The manifestos of all major parties tell us little about the outlook for funding of individual public services. While many parties announced ‘additional’ spending for different services, there are no pre-existing plans (or baselines) for this spending to be relative to, and so manifestos tell us nothing about the total budgets most public services will receive.

The lack of baselines for spending on different public services creates three problems: it means we cannot evaluate whether often ambitious plans to improve public services are at all plausible; it means we cannot properly evaluate whether the policy costings outlined in the manifestos are realistic; and it allows the parties to remain silent on the sharp cuts that appear to be coming to unprotected budgets.

These problems are outlined in a new briefing by researchers from the Institute for Fiscal Studies, funded by the abrdn Financial Fairness Trust and the Nuffield Foundation, and published ahead of IFS’s analysis of the main parties’ manifestos at 10am on Monday 24 June.

  1. The lack of spending numbers for departments means we cannot evaluate whether often ambitious plans to improve public services are at all plausible. Take the health and social care budget as an example. While we had precise costings for a few specific policies in both the Labour and Conservative manifestos, the overall path of health spending was not set out (apart from a weak commitment in the Conservative manifesto to increase health spending above inflation each year). The gap between promised additional spending in Conservative and Labour manifestos is around £1 billion per year; the gap between different plausible paths of spending could be more than 20 times that, depending on the baseline used. Without knowing the plan for overall spending, it is not possible to assess, for example, whether a future government could deliver the NHS workforce plan.
  2. It means we cannot properly evaluate whether specific policy costings are realistic. Take the defence budget as an example. The Conservative policy – of increasing defence spending to 2.5% of GDP – has, at various times in the last few months, been presented as costing £75 billion or £24 billion over six years by using different baselines for defence spending absent any announcements. Without baselines for spending on different public services, policies can be made to look bigger or smaller to suit a political narrative.
  3. It means parties can remain silent on the sharp cuts that appear to be coming to many unprotected public services. Existing spending totals for the four years from April 2025 are tight – if the NHS, schools, defence, aid and new childcare commitments get plausible increases, other public services face real-terms cuts, from an already struggling position. But with no official forecasts that set out this (or any other) baseline, parties have not deemed it necessary to spell out where any cuts would fall. They have chosen to maintain the ‘conspiracy of silence’ we have frequently warned about since March.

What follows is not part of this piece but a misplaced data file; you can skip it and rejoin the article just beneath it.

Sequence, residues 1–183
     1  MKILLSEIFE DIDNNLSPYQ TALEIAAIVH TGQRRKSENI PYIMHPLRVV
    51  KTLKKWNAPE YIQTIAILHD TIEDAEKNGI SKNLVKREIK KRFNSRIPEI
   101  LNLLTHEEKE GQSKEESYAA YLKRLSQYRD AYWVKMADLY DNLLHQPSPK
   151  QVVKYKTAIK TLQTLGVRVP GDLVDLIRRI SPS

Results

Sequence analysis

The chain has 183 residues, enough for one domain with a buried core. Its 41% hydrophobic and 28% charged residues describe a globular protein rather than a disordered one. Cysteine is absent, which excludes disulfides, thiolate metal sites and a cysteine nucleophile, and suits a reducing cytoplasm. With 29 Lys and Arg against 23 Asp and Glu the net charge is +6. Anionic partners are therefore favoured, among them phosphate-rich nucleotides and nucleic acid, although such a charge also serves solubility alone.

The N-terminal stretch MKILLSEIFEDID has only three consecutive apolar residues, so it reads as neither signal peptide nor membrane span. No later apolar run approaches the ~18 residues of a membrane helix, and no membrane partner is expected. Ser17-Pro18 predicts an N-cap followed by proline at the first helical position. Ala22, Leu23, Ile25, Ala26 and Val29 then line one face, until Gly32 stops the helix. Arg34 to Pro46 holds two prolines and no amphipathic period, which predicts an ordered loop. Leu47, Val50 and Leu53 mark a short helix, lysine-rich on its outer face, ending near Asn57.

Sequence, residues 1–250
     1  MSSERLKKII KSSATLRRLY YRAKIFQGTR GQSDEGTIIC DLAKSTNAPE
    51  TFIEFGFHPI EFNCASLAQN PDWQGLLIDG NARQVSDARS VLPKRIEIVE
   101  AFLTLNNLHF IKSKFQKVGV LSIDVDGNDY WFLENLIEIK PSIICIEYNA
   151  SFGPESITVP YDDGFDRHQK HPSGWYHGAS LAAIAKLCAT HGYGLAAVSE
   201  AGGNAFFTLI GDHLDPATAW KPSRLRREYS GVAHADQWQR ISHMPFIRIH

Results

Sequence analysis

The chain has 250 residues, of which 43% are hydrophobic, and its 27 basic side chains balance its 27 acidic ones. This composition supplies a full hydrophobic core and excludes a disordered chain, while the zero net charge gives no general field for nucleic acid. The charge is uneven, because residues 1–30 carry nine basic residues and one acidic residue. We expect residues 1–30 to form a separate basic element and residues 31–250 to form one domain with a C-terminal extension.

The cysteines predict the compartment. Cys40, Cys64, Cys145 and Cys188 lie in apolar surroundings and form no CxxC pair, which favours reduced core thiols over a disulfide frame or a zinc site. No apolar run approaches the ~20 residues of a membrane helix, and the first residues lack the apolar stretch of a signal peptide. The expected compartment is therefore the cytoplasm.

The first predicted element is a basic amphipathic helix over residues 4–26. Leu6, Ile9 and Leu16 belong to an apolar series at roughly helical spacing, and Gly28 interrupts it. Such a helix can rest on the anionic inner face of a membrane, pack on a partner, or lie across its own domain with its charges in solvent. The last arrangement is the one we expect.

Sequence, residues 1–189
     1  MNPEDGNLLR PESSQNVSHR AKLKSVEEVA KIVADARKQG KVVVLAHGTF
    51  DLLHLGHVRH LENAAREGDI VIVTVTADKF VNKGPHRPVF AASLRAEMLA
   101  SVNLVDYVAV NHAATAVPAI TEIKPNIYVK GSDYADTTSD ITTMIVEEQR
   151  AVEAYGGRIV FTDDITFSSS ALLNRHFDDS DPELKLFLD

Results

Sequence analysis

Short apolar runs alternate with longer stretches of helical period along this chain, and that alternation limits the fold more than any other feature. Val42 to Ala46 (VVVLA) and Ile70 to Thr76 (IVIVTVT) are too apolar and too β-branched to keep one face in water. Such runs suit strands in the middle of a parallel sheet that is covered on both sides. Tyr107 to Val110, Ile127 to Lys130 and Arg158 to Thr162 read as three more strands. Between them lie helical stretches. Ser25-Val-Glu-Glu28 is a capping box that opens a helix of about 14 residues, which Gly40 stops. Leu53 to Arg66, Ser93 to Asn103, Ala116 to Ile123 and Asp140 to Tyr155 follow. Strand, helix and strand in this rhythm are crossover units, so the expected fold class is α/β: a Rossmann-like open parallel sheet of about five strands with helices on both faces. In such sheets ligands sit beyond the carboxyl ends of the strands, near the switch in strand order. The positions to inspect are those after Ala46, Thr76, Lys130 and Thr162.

The current spending review period only runs until March 2025, and we are not proposing that parties should conduct comprehensive spending reviews for their manifestos. But there are some potential solutions here. Parties could have been much clearer about their plans for public service spending. And, for future elections, changes to the broader institutional context could avoid our current predicament.

Bee Boileau, a Research Economist at IFS and an author of the report, said:

‘Both the Conservative Party and the Labour Party have made a lot of their “fully funded” pledges in the manifestos this election campaign. But, in practice, these pledges mean almost nothing for the funding that individual public services might expect in the next parliament. We do not know how total spending will be allocated between public services after next March, and, with a few exceptions, neither manifesto offered much light. The manifestos did tell us that neither party is planning to top up total public service spending by enough to avoid very difficult choices for many public services in the next parliament. But the manifestos provided no information on which areas would actually bear the brunt of these choices, continuing the main parties’ conspiracy of silence when it comes to public service spending plans.’

Mark Franks, Director of Welfare at the Nuffield Foundation, said:

‘The public should be informed about whether the parties aiming to form the next government have credible plans for funding the essential public services that people rely on. In this election, voters are being asked to make their decision without adequate and clear information on this critical issue. This lack of clarity should be addressed, both in the remaining two weeks before the election and in future electoral processes.’